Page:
As shown in Table 1, JWXYS eliminated the effect of DMN-induced body weight loss in rats. In addition, we observed that JWXYS treatment inhibited DMN-induced hepatic injury and fibrosis in a dose-dependent manner. The effects of JWXYS were stronger than that of silymarin (Figures 1(e) and 1(f)). As shown in Table 2, JWXYS significantly diminished the DMN-induced hepatitis and severe diffuse liver injury, thereby disrupting the sequence of events leading to liver fibrosis.
Recent research has indicated that chronic liver injury and hepatic fibrosis are related to oxidative stress, including that caused by reactive oxygen species (ROS) and lipid peroxidation [23, 24]. Studies have suggested that antioxidants such as SOD, catalase, and estradiol significantly prevent lipid peroxidation and exacerbation of liver fibrosis [25-27]. Indeed, as shown in Table 4, JWXYS inhibited XOD activity in a dose-dependent manner. XOD converts xanthine to uric acid, yielding superoxide anions as a byproduct , and the inhibition of XOD can substantially reduce the production of superoxide anions, thus reducing superoxide-induced lipid peroxidation and subsequent liver fibrosis.
Furthermore, our study revealed that the Chinese herbal medicine, JWXYS, significantly inhibited Fe[Cl.sub.2]-stimulated (in vitro) and DMN-induced (in vitro) lipid peroxidation in a dose-dependent manner (Table 3). In the cytochrome C test, we confirmed that JWXYS exhibits a dose-dependent antioxidative activity (Table 4). Furthermore, in another experiment we performed, JWXYS exhibited no hepatotoxic effect in Wistar rats even at a dose of 2000mg/kg orally administered for 6 weeks (data not shown).
Our study has limitations because, to extrapolate conclusions regarding humans from experimental data on rats, the dose must be validated in clinical trials. The mechanism through which JWXYS acts in cellular pathways remains undetermined. Immunohistochemical analysis of markers such as alpha-smooth muscle actin in activated hepatic stellate cells and sets of in vitro culture studies on parenchymal cells and nonparenchymal cells might provide additional evidence supporting the molecular mechanisms through which JWXYS exerts antifibrotic effects. Moreover, in an ongoing follow-up study conducted in our laboratory, JWXYS exhibited strong free-radical-scavenging and antioxidant activity and inhibited free-radical-induced hepatic fibrosis. We will continue to conduct research on this topic.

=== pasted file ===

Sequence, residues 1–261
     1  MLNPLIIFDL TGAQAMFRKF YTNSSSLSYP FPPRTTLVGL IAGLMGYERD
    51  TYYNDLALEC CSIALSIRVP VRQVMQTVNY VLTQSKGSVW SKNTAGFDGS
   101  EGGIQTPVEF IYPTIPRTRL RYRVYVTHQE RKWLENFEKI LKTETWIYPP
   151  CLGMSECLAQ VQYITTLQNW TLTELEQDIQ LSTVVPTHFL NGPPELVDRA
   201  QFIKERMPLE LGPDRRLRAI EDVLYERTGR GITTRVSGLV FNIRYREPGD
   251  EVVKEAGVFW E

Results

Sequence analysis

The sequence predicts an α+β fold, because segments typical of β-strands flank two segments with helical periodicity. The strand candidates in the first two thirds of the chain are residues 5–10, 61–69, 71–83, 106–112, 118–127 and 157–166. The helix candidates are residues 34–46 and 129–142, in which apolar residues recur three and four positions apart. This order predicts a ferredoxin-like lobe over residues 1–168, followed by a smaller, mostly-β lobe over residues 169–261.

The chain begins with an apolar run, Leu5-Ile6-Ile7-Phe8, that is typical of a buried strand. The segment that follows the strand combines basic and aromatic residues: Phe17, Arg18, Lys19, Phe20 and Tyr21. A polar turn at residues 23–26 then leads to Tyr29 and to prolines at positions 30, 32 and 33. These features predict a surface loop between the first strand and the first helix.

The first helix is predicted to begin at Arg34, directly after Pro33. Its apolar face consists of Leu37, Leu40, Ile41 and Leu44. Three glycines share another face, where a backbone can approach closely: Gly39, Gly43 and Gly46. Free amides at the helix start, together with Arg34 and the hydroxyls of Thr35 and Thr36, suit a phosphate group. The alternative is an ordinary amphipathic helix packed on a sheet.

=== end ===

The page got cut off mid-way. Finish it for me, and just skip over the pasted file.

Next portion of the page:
We reported that JWXYS exhibits obvious dose-dependent antifibrotic effects against chronic hepatic injury that are similar to those exhibited by sho-saiko-to. This protective effect was noted even in a condition in which DMN was continually administered. The mechanism may at least partially be due to the inhibitory effect of JWXYS on lipid peroxidation and its superoxide-scavenging activities. We hope that, after additional evidence has been accumulated, JWXYS will be applied as an alternative clinical medication for chronic hepatitis and hepatic antifibrotic therapy because of its efficiency, low cost, and fewer side effects.
Abbreviations DMN: Dimethylnitrosamine JWXYS: Jia-wei-xiao-yao-san MDA: Malonic dialdehyde SGOT: Serum glutamic oxaloacetic transaminase SGPT: Serum glutamic pyruvic transaminase SI: Superoxide inhibition SOD: Superoxide dismutase TBA: Thiobarbituric acid XOD: Xanthine oxidase.
Conflict of Interests
The authors declare that there is no conflict of interests regarding the publication of this paper.
Shu-Chen Chien and Wei-Chiao Chang contributed to this work equally.
This work was supported by grants (NSC101-2320-B-424-001) provided by the National Science Council, Taiwan, and Health and welfare surcharge of tobacco products, Taiwan.
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Shu-Chen Chien, (1,2) Wei-Chiao Chang, (1,3,4,5,6) Pu-Hua Lin, (7) Wei-Pin Chang, (8) Shih-Chung Hsu, (9) Jung-Chen Chang, (10) Ya-Chieh Wu, (11) Jin-Kuo Pei, (12) and Chia-Hsien Lin (12)
(1) Department of Clinical Pharmacy, School of Pharmacy, Taipei Medical University, No. 250, Wuxing Street, Xinyi District, Taipei 110, Taiwan
(2) Department of Pharmacy, Taipei Medical University Hospital, No. 252, Wuxing Street, Xinyi District, Taipei 110, Taiwan
(3) Department of Pharmacy, Taipei Medical University-Wan Fang Hospital, No. 111, Section 3, Xinglong Road, Wenshan District, Taipei 116, Taiwan
(4) Master Program for Clinical Pharmacogenomics and Pharmacoproteomics, School of Pharmacy, Taipei Medical University, No. 250, WuxingStreet, Xinyi District, Taipei 110, Taiwan
(5) Graduate Institute of Clinical Medicine, College of Medicine, Kaohsiung Medical University, No. 100, Shiquan 1st Road, Sanmin District, Kaohsiung 807, Taiwan
(6) Cancer Center, Kaohsiung Medical University Hospital, No. 100, Tzyou 1st Road, Kaohsiung 807, Taiwan
(7) Food and Drug Administration, Ministry of Health and Welfare, No. 161-2, Kunyang Street, Nangang District, Taipei 115, Taiwan
(8) Department of Healthcare Management, Yuanpei University, No. 306, Yuanpei Street, Hsinchu 300, Taiwan
(9) Department of Early Childhood Care and Education, Kang-Ning Junior College of Medical Care and Management, No. 137, Lane 75, Section 3, Kangning Road, Neihu District, Taipei 114, Taiwan
(10) Department of Nursing, School of Medicine, National Taiwan University, No. 1, Section 1, Jen Ai Road, Zhongzheng District, Taipei 100, Taiwan
(11) Department of Nursing, Ching-Kuo Institute of Management and Health, No. 336, Fu-Hsing Road, Zhongshan District, Keelung 203, Taiwan
(12) Department of Health Industry Management, School of Health Care Management, Kainan University, No. 1, Kainan Road, Luzhu Shiang, Taoyuan 338, Taiwan